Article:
As ‘social justice’ I am NOT defining it as a progressive. I would moreso define it as being kind to one’s neighbor, helping one’s neighbor (singularly or on a larger scale).
The reason I ask is because a recent post made by someone in a thread I started has gotten me thinking. The thread was about ‘giving people a second chance’ and how once someone has a criminal record it’s hard for them to get employment, etc.
A lot of people responded by pointing out the laws around hiring practices (which made perfect sense), and the risks and potential liability of hiring an ex con should that person do harm to another employee or customer. Again, I understand this. The post that stuck out to me, and I have been thinking quite a lot about since I have read it was something to the effect of:
So, if your son, who got out of jail and was trying to straighten up their life came to you and said “Dad, I’m trying to put my life together, can you help me out and give me a job?” or words to that effect/general jist of the post.
This got me thinking how I at least treat my own family differently than I treat my neighbors, in particular if they are strangers to me. Now I think of myself as a good person, and I assume that most posters here think of themselves as good people as well. But that particular post spoke to me. It pointed out how I (and I assume we) are more willing to help our family and give our family chances, etc than we are our neighbors (in the sense that Jesus meant it).
It leaves me to wonder if there is a block of some sort, a wall of some sort I put up when dealing with ‘our neighbors’ and if this wall impacts the way we intervene to help them.
Now I am formerly homeless. I have a lot of childhood trauma that still impacts me. And I work with the mentally ill (I am mentally ill myself in that I have a major mental illness diagnosis) so think of myself as someone who is accustomed to being around those ‘less fortunate’ and potentially being much more aware than the average person what their lives are like, what kind of struggles they face, etc. I believe I do a very good job at my JOB, and am invested in this type of work. But doing my job is not charity. And I’m not sure to what extent it is working towards ‘social justice’ since it is me performing my ‘job’.
So I wonder if I put up a wall (I know certain others do as I see it regularly in obvious ways) when dealing with (or rather trying NOT to deal with) the homeless, etc. But I myself, when driving home from work and see the guys coming with their cup will sometimes avoid eye contact myself. I think this is terrible for me to do given my past. I sometimes interact with them by saying hi and explaining I’m not in a position to help financially (which I really am not, I’m behind on rent, car insurance, car note, etc). I donate to my Church but that’s all I do as far as money goes. I wonder, and will have to try out, speaking more with these guys. They may be more interested in walking by more cars to have a greater chance to get more money. But I have to TRY before I can be sure.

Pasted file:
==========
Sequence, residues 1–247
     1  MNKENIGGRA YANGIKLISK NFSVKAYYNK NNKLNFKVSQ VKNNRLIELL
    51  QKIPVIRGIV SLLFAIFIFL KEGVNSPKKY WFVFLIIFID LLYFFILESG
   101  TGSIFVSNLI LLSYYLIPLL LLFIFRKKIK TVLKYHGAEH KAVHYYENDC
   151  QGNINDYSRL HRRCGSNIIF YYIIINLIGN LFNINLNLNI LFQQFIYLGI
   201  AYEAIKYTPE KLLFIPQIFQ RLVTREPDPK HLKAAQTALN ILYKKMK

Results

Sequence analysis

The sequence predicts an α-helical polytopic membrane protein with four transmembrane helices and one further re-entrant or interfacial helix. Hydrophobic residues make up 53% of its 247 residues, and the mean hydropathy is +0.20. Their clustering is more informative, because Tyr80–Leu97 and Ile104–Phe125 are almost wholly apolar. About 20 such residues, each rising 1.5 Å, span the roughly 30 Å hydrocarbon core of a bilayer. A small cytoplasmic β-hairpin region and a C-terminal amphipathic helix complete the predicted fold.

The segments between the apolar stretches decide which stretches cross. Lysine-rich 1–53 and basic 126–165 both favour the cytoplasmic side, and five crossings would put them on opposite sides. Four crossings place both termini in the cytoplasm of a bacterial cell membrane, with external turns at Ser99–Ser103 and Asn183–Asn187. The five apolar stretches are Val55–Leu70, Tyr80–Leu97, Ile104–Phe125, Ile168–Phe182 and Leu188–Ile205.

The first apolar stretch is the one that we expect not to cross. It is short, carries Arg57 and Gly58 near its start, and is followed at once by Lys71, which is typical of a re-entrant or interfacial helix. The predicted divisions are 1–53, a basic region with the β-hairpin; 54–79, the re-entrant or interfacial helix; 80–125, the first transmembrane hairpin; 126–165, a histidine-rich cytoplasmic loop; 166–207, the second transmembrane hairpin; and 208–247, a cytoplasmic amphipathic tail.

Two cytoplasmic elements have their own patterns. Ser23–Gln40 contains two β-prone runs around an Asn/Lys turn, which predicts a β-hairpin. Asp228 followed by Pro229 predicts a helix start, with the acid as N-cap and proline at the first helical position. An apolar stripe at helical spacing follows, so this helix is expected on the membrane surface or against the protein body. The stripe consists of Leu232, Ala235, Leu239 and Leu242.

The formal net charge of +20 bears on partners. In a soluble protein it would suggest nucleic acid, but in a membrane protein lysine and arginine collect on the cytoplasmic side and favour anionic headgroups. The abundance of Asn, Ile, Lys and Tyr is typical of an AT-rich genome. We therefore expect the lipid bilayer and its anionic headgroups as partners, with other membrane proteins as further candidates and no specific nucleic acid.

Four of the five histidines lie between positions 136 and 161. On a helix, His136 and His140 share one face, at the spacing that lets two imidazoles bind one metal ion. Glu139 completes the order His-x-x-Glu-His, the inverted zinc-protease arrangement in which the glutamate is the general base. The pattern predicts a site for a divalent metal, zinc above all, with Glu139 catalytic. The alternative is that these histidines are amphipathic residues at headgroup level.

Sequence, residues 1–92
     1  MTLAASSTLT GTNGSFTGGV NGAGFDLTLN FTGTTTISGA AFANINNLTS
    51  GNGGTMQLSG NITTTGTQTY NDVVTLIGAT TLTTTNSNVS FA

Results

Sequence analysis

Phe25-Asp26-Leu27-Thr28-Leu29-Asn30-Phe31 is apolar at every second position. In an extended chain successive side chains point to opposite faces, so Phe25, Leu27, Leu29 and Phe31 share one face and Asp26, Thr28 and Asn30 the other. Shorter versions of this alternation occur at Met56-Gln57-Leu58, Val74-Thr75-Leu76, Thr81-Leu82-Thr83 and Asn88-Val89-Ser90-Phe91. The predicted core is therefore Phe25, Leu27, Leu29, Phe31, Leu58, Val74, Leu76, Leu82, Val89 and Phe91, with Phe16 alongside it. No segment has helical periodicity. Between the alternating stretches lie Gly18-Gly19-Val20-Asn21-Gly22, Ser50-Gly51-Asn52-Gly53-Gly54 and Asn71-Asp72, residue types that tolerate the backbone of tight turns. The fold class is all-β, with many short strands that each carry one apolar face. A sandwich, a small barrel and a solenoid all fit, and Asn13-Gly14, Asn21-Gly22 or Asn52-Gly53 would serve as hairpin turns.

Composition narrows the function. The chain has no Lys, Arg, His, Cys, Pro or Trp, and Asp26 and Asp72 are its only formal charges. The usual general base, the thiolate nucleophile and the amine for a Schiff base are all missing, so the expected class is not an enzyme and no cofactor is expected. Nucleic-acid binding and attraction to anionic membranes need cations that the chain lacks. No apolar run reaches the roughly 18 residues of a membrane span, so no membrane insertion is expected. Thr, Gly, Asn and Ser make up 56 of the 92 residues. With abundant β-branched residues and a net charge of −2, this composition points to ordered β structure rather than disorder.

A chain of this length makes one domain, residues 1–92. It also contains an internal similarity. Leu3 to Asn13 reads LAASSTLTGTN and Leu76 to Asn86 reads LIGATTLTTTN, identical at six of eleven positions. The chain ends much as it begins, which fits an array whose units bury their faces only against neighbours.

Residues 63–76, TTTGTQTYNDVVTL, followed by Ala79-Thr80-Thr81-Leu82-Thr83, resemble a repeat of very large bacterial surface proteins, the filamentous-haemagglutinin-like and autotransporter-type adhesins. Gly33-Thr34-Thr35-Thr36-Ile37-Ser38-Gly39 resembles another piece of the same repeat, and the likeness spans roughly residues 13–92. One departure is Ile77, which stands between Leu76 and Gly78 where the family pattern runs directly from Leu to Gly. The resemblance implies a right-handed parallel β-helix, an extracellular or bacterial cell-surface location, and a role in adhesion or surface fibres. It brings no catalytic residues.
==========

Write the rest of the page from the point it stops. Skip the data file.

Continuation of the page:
FYI, the ‘telltale sign’ of someone being homeless is someone carrying a backpack. They have no where to store their clothes or basic belongings so all carry backpacks. If they don’t look middle class or above like they are sporting brand new clothes coming from the gym and they are carrying a backpack, good chance they are homeless.
Anyway, is it an attitude of indifference? I don’t think that is the case for me. Is it that seeing the homeless brings back negative memories for me? Sometimes. Is it feeling awkward in telling them that I (honestly) can’t spare 50cents? I think this is partly true but no excuse for me not to say hi and attempt to engage them in conversation, say God bless you, etc.
And when I had more money, a 2nd job and disposable income I was not attending Church and was not donating to any charities either. I still did ‘my job’ but don’t consider this as counting as I have said. So what was it then that got in the way of me helping my neighbor? I think, for myself, I was not raised in a house where this was customary, expected, and taught. When homeless I remember one family (2 parents and 2 teen kids) coming in on Christmas day to serve lunch/dinner to the homeless. This family was obviously instilling in their children the spirit of giving, of helping one’s neighbor. Why didn’t I help more then? I can use the excuse I wasn’t connected to the Church, but I always believed in God and Jesus and the teachings of Jesus, so that is not a valid reason/excuse for me.
Did I not care? I don’t think that’s the case as I spent quite a bit of time debating/attempting to educate people on how government entitlement programs (IMO) do NOT help and create and sustain a system of dependency. So I did invest time in trying to educate others as to what I felt were the wrong ways to help, and advocating what I thought the correct ways were (attaching help be in financial, housing, whatever- to the requirement that the recipients in some way put forth effort to help themselves- and ideally and depending on how much help they are getting and what their capabilities are- requiring them to help another or do community service.
So I cared, but I didn’t peel money out of my pocket and either give directly or donate to charity. And I am not sure why. I would be interested in hearing mostly ideas as to why others think I didn’t do more to help when I was in the position to (I never had much money but could afford to go out and eat, had all my bills paid, had money in my pocket at all times, didn’t worry about my bills, was saving toward retirement).
If you have thoughts or stories in general as to why people don’t help more please share, or personal stories or thoughts personally. But mostly I’m interested in learning for myself, to make myself a better follower of the teachings of Jesus Christ.